Using rain barrels takes load off municipal water systems

Each time the temperatures soar the employees in municipal water departments cringe as water consumption increases.

Each time the temperatures soar the employees in municipal water departments cringe as water consumption increases.

Municipalities have their own way of dealing with water consumption issues: water bans, odd and even water days or increasing the cost of water. Gardeners can do their part to conserve water with the most obvious being collecting rainwater.

Rain barrels can be purchased or made from large drums that are cleaned and have spouts added.

Either way they are placed under the downspouts and fill quickly in a rainstorm.

The collected water is then used on the garden through gravity feed or hand watering. Research has found that less water is used when gardens are watered by hand but the garden still thrives.

As hand watering is hard work and time consuming, the water is placed on the plants and not wasted on soil between plants.

Lawns need less moisture if they are allowed to grow taller. Instead of setting the lawn mower at 2 inches (3 cm) raise the blade an inch to 3 inches (4-5 cm). At this height grass will still stay upright, look good and not go to seed.

The taller grass shades the ground and the crown of the plant. This little bit of shade slows evaporation of moisture from the ground and transpiration of the plant; keeping the lawn green longer without being watered.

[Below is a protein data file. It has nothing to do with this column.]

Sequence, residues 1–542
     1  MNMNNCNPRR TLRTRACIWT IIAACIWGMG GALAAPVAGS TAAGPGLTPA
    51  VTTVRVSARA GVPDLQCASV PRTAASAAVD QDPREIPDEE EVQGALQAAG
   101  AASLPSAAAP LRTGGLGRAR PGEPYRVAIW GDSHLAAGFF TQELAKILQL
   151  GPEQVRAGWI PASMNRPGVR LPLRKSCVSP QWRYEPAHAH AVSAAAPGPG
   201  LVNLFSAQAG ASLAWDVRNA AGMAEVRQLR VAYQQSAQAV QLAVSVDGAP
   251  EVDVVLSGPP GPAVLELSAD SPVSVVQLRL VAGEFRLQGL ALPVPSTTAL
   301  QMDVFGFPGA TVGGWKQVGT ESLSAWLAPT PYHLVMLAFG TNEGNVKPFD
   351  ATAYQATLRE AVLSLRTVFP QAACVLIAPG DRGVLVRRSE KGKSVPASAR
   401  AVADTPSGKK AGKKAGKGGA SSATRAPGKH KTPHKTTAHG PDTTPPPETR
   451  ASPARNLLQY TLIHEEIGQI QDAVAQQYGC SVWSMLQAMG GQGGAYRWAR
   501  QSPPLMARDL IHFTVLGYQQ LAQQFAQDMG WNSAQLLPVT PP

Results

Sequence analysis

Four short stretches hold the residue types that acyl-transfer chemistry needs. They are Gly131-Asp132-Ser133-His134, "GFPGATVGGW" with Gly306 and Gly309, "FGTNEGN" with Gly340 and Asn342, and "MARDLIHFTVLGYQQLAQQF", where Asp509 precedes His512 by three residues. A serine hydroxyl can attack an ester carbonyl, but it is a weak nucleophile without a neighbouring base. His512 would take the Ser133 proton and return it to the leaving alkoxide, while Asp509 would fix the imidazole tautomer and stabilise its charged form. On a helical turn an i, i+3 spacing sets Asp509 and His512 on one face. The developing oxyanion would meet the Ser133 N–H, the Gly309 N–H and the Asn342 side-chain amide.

If a lawn must be watered do so in the early morning or late evening. Put a rain gauge under the sprinkler to determine how much water the ground has received. An inch (1-2 cm) is a sufficient amount of water to keep a lawn green for a week.

Flowerbeds and gardens where foliage overlaps use less moisture than ones where the ground is exposed to sunlight.

Covering exposed ground with mulch also keeps the moisture in. Mulch need not be complicated or elaborate. It can be as simple as covering wet ground with a thick layer of peat moss or compost.

The dry layer on top of the moist soil will slow down evaporation.

In cooler weather the layer can be mixed into the soil or it can be left on top and the worms will eventually combine the two layers.

Pots and baskets only have a limited amount of soil and water holding capacity which means that they need watered on a regular basis. Growers have found that 14 inch (20 cm) pots are optimum.

This size of container can hold enough plants to be attractive and enough soil to hold sufficient water for one or two days.

Using slow feed or drip irrigation will decrease the amount of water used. When soil is constantly, consistency moist water is not lost by running through the bottom of the pot. Salts will eventually build up in the soil from the fertilizer but it is not likely to occur before the first frost.

If salts are a problem, water the plants from above regularly giving them enough moisture that excess water and salts leach out of the pot and on to the ground.

The Red Deer area is lucky as it has an abundance of water but other areas in the province are not as fortunate.

Adopting habits that conserve moisture now will mean more water in the future. Likewise, a little care and the garden will thrive in the hot weather without using excess water.

Linda Tomlinson is a horticulturalist and educator living in Rocky Mountain House. You can contact her at